There is another problem to consider with the artist, and it deals with the direct meeting with the dealer. It has become a standard belief that artists are mad, and foolishly some artists have adhered to this silly steroetype. But the stereotype is a market invention. As are ideas that artists should starve for their labors, artists are unable to function without agents, artists are mystics, etc. This creates a general image of the artist as a fool, or an idiot savant- a genius and a fool in useful ways. This is contrivance, but artists assist this degrading nonsense. They do so because it is traditional to do so, but also out of desperation. The starving artist is a real situation, though there is plenty of money in the markets that trade art. The artist has no force on this market, and this is due to laziness established in the past and made tradition at present. The dealer exploits this, but the artist performs it. The situation is described in the inquisitors speech to Jesus in the Brothers Kramazov:
"Oh, never, never can they feed themselves without us! No science will give them bread so long as they remain free. In the end they will lay their freedom at our feet, and say to us, 'Make us your slaves, but feed us.' They will understand themselves, at last, that freedom and bread enough for all are inconceivable together, for never, never will they be able to share between them! They will be convinced, too, that they can never be free, for they are weak, vicious, worthless, and rebellious. "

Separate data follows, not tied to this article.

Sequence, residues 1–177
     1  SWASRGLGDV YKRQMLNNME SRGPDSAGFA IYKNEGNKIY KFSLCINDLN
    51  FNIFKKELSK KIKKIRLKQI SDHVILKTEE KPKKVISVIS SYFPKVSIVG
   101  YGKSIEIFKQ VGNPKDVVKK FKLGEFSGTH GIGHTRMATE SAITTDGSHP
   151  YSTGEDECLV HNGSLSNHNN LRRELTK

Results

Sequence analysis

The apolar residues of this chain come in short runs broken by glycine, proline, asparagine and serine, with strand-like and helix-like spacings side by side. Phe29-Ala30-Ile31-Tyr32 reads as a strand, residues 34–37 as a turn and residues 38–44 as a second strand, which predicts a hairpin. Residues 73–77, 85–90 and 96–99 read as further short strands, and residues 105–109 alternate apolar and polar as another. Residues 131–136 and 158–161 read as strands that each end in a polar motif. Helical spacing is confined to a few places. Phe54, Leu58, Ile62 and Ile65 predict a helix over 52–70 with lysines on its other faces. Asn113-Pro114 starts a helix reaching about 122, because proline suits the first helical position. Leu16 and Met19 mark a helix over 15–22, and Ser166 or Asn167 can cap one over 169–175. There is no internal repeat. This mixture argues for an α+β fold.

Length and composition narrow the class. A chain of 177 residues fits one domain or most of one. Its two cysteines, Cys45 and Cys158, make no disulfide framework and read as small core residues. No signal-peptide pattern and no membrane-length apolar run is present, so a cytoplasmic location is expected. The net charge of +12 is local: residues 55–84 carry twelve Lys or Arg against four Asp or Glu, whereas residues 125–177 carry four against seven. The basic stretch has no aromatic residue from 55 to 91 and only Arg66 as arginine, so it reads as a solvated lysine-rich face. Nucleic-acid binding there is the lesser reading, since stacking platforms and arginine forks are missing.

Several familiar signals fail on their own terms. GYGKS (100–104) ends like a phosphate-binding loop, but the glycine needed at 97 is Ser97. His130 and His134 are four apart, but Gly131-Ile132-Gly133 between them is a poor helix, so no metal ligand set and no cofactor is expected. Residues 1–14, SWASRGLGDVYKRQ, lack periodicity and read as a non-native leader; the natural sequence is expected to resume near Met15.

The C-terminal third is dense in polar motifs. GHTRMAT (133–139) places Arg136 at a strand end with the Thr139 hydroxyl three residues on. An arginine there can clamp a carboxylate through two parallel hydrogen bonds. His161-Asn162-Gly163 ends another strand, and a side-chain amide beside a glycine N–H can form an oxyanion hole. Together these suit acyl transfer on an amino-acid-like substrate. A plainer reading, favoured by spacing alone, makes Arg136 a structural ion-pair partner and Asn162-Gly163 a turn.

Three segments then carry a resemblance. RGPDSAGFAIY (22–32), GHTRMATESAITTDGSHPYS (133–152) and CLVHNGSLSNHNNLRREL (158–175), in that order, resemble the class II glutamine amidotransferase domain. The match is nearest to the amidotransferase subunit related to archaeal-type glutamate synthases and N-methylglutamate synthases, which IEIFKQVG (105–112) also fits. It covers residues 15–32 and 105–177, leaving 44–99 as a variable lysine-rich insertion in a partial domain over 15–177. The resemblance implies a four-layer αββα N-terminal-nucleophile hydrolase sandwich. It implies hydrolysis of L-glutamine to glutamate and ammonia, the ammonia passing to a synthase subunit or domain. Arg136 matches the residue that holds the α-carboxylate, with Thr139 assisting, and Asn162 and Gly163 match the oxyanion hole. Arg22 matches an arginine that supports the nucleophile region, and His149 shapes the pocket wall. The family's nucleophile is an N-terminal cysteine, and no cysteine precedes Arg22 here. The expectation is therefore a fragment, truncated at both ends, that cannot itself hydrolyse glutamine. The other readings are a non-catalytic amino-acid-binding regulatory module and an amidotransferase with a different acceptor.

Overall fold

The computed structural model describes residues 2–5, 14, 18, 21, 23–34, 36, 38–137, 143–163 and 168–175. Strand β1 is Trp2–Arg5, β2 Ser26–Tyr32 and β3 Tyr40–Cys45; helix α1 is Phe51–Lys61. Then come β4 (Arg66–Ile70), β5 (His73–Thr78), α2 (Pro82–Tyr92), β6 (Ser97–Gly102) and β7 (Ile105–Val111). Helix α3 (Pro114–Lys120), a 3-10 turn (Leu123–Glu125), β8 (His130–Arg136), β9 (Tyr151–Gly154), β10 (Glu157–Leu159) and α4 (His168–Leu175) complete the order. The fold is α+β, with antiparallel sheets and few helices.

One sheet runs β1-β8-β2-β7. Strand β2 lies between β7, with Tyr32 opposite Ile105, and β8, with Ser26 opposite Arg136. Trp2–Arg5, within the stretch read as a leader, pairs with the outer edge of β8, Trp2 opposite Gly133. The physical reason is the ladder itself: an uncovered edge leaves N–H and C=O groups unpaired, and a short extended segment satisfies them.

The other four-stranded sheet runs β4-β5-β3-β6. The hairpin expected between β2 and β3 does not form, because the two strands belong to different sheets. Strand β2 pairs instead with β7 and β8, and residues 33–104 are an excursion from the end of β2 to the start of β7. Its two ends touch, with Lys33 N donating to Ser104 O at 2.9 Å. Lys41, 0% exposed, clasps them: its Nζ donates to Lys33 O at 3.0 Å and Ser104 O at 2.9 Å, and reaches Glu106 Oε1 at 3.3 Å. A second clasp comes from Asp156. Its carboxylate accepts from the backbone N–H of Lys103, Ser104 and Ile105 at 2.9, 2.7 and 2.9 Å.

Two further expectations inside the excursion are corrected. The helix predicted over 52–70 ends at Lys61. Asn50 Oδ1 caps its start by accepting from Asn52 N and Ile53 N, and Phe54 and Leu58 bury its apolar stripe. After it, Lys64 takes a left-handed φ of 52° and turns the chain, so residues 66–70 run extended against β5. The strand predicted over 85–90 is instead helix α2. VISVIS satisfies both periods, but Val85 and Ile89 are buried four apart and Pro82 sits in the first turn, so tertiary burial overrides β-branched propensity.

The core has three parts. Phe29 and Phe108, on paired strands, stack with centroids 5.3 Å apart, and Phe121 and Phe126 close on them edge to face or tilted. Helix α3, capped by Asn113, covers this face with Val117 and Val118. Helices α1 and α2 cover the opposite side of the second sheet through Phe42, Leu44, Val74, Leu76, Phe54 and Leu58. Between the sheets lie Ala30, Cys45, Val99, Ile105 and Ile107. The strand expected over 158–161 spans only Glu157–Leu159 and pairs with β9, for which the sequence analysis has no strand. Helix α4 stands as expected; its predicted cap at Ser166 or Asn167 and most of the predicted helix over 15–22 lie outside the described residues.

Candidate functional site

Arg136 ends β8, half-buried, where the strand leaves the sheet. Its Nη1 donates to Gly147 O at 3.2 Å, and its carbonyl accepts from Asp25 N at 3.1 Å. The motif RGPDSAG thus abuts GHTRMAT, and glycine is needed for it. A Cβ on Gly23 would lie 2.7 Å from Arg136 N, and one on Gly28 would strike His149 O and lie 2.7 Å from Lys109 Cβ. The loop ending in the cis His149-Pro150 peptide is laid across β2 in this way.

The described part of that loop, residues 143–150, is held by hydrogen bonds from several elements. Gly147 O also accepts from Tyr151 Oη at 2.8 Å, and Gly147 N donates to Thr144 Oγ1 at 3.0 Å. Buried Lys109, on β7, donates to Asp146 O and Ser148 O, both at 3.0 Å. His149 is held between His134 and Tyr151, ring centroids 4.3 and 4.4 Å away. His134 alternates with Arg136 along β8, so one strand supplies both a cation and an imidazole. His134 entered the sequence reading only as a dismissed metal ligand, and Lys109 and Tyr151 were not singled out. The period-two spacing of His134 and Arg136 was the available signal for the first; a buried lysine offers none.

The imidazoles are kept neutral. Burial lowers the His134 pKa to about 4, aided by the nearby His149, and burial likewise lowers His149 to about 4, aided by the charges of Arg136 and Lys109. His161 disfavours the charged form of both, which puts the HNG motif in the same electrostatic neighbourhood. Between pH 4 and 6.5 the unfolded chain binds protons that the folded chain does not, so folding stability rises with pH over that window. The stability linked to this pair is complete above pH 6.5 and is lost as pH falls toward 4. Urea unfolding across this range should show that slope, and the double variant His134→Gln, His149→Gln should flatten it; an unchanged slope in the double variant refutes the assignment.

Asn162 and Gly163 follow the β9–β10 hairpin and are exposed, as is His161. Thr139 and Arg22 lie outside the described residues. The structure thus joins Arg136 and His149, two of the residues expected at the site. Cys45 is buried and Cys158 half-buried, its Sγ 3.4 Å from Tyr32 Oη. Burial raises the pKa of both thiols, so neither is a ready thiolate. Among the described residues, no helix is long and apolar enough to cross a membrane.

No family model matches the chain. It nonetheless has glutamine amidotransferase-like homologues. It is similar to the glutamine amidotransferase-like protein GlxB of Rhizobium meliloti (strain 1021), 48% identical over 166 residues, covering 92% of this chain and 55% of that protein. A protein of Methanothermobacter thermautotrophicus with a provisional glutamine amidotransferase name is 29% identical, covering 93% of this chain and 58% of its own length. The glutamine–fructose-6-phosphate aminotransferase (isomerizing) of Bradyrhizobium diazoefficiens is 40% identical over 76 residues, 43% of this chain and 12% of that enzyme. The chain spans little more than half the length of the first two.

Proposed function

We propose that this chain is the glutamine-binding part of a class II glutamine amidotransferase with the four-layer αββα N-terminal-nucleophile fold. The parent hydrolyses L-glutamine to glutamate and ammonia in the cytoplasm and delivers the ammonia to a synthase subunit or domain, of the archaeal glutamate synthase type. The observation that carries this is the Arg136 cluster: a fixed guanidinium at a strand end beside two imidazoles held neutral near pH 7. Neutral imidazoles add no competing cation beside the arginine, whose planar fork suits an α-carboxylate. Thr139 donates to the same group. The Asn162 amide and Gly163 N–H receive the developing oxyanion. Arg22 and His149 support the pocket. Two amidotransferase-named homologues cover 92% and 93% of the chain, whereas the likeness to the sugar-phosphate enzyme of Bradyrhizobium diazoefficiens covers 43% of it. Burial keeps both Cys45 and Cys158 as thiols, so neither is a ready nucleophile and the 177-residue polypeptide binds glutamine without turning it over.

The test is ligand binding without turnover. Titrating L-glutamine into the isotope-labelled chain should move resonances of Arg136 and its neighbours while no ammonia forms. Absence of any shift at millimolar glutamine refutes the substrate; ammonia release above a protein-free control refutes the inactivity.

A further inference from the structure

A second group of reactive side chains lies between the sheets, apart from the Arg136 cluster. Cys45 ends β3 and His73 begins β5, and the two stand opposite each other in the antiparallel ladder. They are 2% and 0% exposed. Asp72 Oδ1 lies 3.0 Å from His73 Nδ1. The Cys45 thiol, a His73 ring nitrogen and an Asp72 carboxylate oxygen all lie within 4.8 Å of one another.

And this is exactly what happens. Artists gladly turn over all freedom, choice and controlover to "art executives" and merchants, without seriously considering the idea that they should feed themselves, or take control of their own works. They accept the situation, somewhat gladly, and indulge in their claims of madness and fallibility. This may say something about the characters who call themselves artists, and it may equally tell a great deal about who exploits them.
It would seem that an artist should be ultimately influential to art. They are derived from art, especially skilled in this thing, and decide what parts they will relay and what parts they will enlarge to pass along. This might be assumed. But more and more, artists accept stereotypical roles, styles, and directions from non artists. They dismiss history, accept social pressures, they are destructively passive and cowardly (whether this is due to conditioning or not is open to discussion.)
Artists may be overmatched. They are certainly out numbered. The thing, presumably, that occupies the artist’s time and energies is the furtherance of art. The social, political, and economic chess games involved with the “art world”, the decoy given to mass audiences in lieu of art, is a secondary or tertiary concern. To those who profit from art in various ways (such as those cases listed above) their “art world” can be a full time job. Part of their prosperity is based in victimizing artists, and exploiting the weaknesses and inability involved with the attempt to serve two masters: art and the art world. This exploitation, all of their professional energies can be used to undermine and dismantle art. Again the Inquisitor in the Bothers Karamazov describes a like situation with the church, and how it had to destroy the words and freedoms given by Jesus, in Jesus name.